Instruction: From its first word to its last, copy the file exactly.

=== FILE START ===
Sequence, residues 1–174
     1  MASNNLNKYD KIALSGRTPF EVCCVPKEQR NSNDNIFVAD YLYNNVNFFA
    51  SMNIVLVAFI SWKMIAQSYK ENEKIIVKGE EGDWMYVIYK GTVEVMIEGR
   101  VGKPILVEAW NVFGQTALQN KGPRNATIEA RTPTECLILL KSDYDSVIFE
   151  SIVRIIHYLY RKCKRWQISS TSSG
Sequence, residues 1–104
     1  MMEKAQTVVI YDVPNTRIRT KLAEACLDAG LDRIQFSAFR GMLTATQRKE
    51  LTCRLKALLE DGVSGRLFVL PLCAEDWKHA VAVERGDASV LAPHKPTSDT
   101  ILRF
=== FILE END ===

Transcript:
Sequence, residues 1–174
     1  MASNNLNKYD KIALSGRTPF EVCCVPKEQR NSNDNIFVAD YLYNNVNFFA
    51  SMNIVLVAFI SWKMIAQSYK ENEKIIVKGE EGDWMYVIYK GTVEVMIEGR
   101  VGKPILVEAW NVFGQTALQN KGPRNATIEA RTPTECLILL KSDYDSVIFE
   151  SIVRIIHYLY RKCKRWQISS TSSG
Sequence, residues 1–104
     1  MMEKAQTVVI YDVPNTRIRT KLAEACLDAG LDRIQFSAFR GMLTATQRKE
    51  LTCRLKALLE DGVSGRLFVL PLCAEDWKHA VAVERGDASV LAPHKPTSDT
   101  ILRF